Why Minnesota Is Great!

Twin Cities

The Twin Cities of Minneapolis and St. Paul make up Minnesota’s population and economic center. Native Americans called the area home long before European settlers arrived. Once they did, St. Paul grew out of the northernmost landing spot on the Mississippi River. Just a few miles upriver, Minneapolis grew up around the only waterfall on the entire run of the river. Early industrialists used the water of St. Anthony Falls to power the mills where they milled grain and sawed timber. From those early mills grew today’s multifaceted economic powerhouse. Thanks to our diverse energy portfolio, Minnesota industries benefit from electricity that’s cheaper than on the coasts.

Today, with the Twin Cities as the economic center and dynamic companies across the state, 17 Fortune 500 companies call Minnesota home: UnitedHealth Group, Target, Best Buy, CHS, 3M, US Bancorp, Supervalu, General Mills, Ecolab, C.H. Robinson Worldwide, Land O Lakes, Ameriprise Financial, Xcel Energy, Hormel Foods, Mosaic, Thrivent Financial, St Jude Medical – as does the largest privately held corporation in the United States, Cargill.

The state is known for our leadership in medical devices, health informatics, food production, sustainability, mining, 3D printing, agriculture and retailing, among other industries.

  • Per-capita GDP ranks #14 in the country.
  • Labor force participation rate: 68.9% compared with 62.9% nationally.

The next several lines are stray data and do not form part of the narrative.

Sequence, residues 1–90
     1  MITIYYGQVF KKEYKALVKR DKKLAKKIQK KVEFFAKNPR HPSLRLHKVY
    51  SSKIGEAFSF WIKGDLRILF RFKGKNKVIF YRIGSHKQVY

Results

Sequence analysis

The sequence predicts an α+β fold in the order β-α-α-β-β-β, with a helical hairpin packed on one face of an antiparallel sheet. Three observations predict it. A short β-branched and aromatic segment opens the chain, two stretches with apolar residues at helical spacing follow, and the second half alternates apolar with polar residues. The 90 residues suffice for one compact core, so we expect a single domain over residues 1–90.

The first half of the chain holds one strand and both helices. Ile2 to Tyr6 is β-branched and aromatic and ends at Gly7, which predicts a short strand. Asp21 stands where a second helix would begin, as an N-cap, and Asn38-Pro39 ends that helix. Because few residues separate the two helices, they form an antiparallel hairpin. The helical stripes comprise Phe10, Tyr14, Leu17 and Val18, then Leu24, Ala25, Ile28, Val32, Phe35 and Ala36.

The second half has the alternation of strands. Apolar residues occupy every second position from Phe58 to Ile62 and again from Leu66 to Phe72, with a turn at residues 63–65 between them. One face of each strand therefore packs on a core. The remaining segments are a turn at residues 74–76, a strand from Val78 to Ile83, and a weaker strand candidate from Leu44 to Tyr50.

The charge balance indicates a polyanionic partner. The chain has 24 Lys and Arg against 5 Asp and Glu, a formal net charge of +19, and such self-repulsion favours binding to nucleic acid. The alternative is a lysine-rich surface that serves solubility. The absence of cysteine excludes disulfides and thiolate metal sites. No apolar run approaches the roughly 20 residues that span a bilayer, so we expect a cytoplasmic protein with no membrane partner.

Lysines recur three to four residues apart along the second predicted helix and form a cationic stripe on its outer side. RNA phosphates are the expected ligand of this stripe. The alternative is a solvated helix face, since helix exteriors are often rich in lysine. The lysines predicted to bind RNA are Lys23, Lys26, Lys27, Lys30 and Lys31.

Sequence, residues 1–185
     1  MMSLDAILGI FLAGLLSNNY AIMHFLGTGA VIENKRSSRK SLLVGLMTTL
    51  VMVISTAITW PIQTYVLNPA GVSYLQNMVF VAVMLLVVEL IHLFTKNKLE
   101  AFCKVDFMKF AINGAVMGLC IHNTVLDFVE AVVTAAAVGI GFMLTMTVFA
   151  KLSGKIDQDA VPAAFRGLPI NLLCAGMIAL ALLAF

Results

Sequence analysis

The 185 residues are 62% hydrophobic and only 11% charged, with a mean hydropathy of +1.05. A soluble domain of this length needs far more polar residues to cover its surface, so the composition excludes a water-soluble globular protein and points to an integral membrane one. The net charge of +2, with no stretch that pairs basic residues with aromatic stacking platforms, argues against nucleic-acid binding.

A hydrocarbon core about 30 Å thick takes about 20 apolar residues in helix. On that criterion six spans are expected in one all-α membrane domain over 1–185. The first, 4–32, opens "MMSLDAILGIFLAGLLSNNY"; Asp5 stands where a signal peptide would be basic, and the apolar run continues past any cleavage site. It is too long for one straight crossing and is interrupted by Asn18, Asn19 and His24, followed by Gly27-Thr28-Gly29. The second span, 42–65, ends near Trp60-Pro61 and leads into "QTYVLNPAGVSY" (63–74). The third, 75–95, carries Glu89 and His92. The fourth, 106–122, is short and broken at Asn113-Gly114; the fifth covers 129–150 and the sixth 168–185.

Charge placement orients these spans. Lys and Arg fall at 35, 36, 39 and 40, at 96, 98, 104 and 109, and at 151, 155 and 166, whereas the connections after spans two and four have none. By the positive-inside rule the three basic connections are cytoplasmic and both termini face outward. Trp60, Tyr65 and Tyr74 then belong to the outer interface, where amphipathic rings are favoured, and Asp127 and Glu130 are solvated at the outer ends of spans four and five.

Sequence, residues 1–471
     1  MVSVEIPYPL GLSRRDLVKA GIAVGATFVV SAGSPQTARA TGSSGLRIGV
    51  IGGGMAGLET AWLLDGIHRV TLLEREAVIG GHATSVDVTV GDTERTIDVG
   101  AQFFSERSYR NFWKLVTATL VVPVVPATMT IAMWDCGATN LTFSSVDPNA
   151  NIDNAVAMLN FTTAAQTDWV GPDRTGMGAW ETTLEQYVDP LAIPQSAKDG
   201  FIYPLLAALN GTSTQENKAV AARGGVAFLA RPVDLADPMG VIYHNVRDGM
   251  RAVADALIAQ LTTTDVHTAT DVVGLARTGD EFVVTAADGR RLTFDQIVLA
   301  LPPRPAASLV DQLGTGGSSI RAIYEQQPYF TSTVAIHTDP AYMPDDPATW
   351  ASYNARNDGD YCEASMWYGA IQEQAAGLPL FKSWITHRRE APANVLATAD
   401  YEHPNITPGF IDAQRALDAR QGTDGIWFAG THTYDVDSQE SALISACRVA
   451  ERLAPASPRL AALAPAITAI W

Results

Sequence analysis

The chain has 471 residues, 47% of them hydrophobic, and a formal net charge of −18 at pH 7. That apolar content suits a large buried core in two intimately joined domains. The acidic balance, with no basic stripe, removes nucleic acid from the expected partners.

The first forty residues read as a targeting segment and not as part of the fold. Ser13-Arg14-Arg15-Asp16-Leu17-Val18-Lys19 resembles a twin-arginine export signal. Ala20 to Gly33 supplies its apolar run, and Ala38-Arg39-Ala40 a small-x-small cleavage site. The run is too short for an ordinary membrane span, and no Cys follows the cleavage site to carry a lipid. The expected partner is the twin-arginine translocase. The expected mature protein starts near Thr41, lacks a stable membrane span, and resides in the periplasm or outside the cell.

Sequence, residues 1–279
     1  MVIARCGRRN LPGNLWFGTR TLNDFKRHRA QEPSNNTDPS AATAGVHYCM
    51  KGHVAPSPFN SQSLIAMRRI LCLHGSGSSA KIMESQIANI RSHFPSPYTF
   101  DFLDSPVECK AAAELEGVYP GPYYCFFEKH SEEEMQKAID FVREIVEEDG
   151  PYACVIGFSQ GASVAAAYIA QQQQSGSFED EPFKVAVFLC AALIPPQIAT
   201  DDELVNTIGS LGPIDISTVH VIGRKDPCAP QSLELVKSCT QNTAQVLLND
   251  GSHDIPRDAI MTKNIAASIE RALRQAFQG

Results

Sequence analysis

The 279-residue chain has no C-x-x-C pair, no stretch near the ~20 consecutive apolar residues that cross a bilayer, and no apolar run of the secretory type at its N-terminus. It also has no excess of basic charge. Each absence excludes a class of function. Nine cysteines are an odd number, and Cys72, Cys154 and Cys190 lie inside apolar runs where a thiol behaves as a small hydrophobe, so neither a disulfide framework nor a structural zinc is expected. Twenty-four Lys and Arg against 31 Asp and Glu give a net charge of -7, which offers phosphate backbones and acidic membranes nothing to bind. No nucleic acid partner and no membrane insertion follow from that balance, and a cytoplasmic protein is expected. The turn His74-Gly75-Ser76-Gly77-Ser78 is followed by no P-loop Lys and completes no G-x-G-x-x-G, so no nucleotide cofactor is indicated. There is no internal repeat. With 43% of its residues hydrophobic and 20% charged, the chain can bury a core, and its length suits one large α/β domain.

• Compared with a nationwide unemployment rate of 4.7%, Minnesota’s is just 3.9% — and in the Twin Cities it’s just 3.6% (December 2016).

Paul Bunyan

The great outdoors in Minnesota is second to none. With plenty of parks and one of the healthiest populations in the country, it’s easy to see why the locals are always outside enjoying life. A balanced approach to generating electricity keeps our environment clean and maintains clean air with low particulates and low ozone.

  • low crime rate
  • clean air
  • healthy population
  • access to quality healthcare
  • Voyageurs National Park
  • Grand Portage National Monument
  • Mississippi National River & Recreation Area
  • North Country National Scenic Trail
  • Pipestone National Monument
  • Saint Croix National Scenic Riverway

Land of 10,000 Lakes

With close to 12,000 lakes and the largest freshwater lake in the world, Minnesota’s state parks and recreation areas provide a pristine backdrop for water sports, lounging on the sand, or just taking in the natural beauty. The lakes comprise more than 90,000 miles of shoreline – more than California and Hawaii combined. Minnesotans value clean water which is why Minnesota’s energy providers support stewardship as their No. 1 priority.

  • 11,842 lakes of 10 acres or more
  • Lake Superior – world’s largest freshwater lake by surface area – 31,700 square miles
  • 76 state parks and recreation areas
  • Minnesota has 90,000 miles of shoreline, more than California and Hawaii combined.

Energy Use and Production

    To power our great way of life, Minnesota has an all-of-the-above energy strategy: We use wind, natural gas, hydropower, coal, nuclear, biomass- and solar – each as appropriate – to keep the lights on, factories humming, and modern life moving.

  • Minnesota was a pioneer in wind energy, and today we rank No. 7 in the nation in amount of wind generation installed, much of it on the windy Buffalo Ridge in the southwest part of the state. In 2015, 17% of Minnesota’s electricity came from wind.
  • We take it for granted that electricity is relatively cheap compared with other essentials, but without lower-cost coal and natural gas, electricity would be much more expensive.
  • In 2015, 44% of Minnesota’s electricity came from coal-based electric power plants and 13% came from natural gas. On the hottest days of summer, more than 90% of the state’s electricity comes from coal, natural gas and nuclear power.